While Voorakkara and Baran admit that the other, more experienced teams will be aiming for speeds almost twice that, they feel their pod is still up to the task thanks to its two 160kW motors that they describe as “monsters”, with more oomph than a Tesla Model S.
Where the pod will supposedly stand out from others, they said, will be the fact that it is being designed as a ‘hybrid’ vehicle that will not only work as a pod this year, but could be used for another pod should they decide to enter again the following year.
“When we were going through the design brief, a lot of the teams were on their second or third year [in the competition] and all of them built on their early pods,” Voorakkara said.
“We like to think we were smart about it to design the pod to be something that we’re not just using to make as an investment for ourselves and throw the money away on a one-time pod. It’s an expensive piece of kit.”
Funding, funding and more funding
This is really where Éirloop’s true underdog status comes in as, right now, the team’s priority is getting the necessary funding to not only finish building the pod, but to ship it over to California for the race.
Based on the team members’ calculations, the whole endeavour will cost in the region of €235,000 and, at the time of speaking to them, they have significantly less than this.
“Some of the other teams we were talking to raised $90,000 before they found out they got through to the competition; we’ve got through and so far have about €500,” the pair said.
But all stories have to start somewhere and, over the next few months, they are embarking on a fundraising campaign reminiscent of a US presidential candidate.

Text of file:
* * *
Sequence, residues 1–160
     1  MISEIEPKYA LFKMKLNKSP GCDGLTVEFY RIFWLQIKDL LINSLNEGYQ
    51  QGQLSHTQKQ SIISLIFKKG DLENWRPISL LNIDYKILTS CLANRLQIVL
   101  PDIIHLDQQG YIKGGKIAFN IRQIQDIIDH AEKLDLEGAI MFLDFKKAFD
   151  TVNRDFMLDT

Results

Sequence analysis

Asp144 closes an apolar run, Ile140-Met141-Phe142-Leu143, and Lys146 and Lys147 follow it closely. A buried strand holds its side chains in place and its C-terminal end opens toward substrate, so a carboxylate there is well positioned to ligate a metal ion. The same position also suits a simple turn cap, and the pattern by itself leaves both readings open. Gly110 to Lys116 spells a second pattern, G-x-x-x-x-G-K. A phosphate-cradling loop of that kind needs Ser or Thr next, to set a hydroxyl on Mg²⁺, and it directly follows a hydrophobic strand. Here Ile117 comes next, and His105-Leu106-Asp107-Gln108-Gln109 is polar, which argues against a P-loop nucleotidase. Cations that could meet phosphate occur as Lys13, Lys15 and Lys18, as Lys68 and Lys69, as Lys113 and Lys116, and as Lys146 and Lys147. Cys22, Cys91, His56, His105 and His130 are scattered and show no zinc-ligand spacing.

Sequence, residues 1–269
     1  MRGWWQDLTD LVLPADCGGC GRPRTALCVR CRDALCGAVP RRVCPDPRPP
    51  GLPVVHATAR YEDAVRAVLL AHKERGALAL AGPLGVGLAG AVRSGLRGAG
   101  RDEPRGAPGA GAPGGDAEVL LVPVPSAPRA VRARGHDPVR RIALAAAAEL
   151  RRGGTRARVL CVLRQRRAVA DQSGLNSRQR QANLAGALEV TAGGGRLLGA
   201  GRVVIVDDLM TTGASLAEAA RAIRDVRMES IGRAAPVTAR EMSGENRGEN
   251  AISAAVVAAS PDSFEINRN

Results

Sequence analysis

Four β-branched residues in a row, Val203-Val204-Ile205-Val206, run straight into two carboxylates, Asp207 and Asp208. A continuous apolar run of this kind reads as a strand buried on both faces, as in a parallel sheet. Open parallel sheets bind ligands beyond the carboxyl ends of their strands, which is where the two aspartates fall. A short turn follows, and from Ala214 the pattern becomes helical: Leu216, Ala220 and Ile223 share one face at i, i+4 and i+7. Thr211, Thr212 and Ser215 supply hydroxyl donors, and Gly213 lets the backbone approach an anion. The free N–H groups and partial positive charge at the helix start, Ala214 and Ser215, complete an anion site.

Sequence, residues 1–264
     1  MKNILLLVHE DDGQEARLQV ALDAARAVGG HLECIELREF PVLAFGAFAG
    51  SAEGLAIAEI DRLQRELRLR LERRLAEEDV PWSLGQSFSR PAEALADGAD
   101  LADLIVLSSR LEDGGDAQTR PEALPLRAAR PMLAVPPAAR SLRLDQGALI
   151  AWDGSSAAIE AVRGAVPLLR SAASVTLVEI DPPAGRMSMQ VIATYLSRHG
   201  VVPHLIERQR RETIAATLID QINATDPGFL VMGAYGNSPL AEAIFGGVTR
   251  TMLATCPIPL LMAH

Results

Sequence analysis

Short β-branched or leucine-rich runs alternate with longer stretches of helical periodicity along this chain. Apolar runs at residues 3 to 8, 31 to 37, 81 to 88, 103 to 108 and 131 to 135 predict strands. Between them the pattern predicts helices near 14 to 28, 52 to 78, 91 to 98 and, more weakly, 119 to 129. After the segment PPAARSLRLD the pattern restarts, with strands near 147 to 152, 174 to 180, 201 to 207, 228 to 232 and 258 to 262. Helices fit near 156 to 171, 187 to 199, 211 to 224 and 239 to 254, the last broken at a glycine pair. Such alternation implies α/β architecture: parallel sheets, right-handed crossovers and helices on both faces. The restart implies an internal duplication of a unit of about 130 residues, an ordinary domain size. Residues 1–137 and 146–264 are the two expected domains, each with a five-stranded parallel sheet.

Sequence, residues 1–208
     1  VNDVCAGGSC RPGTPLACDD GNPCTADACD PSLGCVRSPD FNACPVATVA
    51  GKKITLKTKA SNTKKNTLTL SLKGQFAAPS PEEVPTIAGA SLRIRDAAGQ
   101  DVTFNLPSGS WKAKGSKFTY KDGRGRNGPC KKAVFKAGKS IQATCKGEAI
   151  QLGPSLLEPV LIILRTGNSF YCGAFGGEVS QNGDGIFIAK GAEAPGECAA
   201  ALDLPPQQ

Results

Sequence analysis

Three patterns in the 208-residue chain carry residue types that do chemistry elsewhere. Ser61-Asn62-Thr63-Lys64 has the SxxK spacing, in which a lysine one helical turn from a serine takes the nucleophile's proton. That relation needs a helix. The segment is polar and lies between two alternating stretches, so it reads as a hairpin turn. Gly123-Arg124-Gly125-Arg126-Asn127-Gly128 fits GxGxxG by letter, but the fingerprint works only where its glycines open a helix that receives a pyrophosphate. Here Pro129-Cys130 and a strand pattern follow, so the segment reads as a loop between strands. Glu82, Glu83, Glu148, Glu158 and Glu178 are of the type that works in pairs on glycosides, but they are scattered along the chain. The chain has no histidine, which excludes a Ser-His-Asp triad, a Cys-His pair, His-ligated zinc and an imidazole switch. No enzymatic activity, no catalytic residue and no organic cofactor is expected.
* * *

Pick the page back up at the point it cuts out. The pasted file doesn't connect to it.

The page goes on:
“Of course, we’re in talks with the universities who should be offering us financial assistance to get things moving,” Voorakkara said. “The focus really right now is fully on sponsorship and getting our name out there.
“We want the country to be behind us. This is Irish talent here and we’re competing on the world stage against the best teams from the US, Germany, Scotland and elsewhere.”
Another potential source of revenue is the team’s recently launched GoFundMe page, which aims to attract contributions through crowdfunding, while those with deeper pockets are sought out to sponsor the team and get it as close to its financial target as possible.
Looking to the future, does Éirloop think that we could one day have our own Hyperloop system?
While a number of routes have been proposed across the world by governments and the Hyperloop companies, Ireland would appear to be one of the last places that would ever get one, if it proves successful.
The reality is, Hyperloop requires large distances in order to be feasible to build, but the Éirloop team is a little more optimistic.
“[Commercial air travel] didn’t come to Ireland until widespread options were there,” Voorakkara mused. “It’s a question of letting the first few routes be built in the biggest countries where they need it, such as between the east and west coast of the US.”
If an Irish route were to be built, say, between Dublin and Galway, the team calculated that you would be able to travel from coast to coast in a little over 11 minutes.
There are five months between now and the deadline day, and Éirloop and its members will need to work at a blistering speed to make it, just like their pod.